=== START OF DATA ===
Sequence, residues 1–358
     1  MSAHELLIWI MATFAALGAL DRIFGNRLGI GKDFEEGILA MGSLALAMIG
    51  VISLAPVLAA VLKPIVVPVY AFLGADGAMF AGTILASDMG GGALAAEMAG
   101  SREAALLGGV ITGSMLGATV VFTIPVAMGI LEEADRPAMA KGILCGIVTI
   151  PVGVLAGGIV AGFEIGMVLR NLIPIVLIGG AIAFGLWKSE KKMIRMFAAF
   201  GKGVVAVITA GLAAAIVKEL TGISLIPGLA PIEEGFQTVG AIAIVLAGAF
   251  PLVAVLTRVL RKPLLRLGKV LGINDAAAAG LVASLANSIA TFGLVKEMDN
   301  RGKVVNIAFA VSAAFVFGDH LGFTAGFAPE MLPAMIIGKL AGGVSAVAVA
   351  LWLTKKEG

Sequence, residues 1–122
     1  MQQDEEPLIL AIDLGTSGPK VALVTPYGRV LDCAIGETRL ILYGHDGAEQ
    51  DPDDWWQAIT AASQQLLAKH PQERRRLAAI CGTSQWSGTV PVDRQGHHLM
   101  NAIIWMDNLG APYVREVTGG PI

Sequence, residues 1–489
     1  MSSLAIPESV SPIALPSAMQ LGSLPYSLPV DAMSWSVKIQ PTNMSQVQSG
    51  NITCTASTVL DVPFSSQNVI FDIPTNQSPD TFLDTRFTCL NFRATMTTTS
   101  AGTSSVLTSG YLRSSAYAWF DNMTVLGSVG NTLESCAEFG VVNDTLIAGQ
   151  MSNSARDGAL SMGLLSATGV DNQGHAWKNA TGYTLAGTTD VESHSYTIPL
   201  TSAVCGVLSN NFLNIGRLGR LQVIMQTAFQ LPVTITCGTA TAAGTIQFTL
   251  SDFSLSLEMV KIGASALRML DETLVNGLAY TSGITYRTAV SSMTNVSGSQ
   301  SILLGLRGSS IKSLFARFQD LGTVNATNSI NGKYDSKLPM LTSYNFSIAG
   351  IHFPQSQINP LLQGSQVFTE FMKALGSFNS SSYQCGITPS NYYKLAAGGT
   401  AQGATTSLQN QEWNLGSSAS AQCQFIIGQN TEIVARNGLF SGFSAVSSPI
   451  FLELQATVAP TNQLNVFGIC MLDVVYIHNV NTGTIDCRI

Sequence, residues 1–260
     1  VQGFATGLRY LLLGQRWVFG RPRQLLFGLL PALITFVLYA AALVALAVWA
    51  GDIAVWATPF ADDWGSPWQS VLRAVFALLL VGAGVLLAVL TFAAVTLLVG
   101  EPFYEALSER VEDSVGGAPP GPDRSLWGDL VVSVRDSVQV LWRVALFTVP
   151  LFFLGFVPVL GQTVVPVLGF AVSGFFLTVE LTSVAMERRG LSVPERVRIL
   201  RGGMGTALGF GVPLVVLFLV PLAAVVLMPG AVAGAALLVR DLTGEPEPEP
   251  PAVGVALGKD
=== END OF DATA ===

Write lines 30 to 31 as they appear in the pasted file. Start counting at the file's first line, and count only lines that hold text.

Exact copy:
   201  RGGMGTALGF GVPLVVLFLV PLAAVVLMPG AVAGAALLVR DLTGEPEPEP
   251  PAVGVALGKD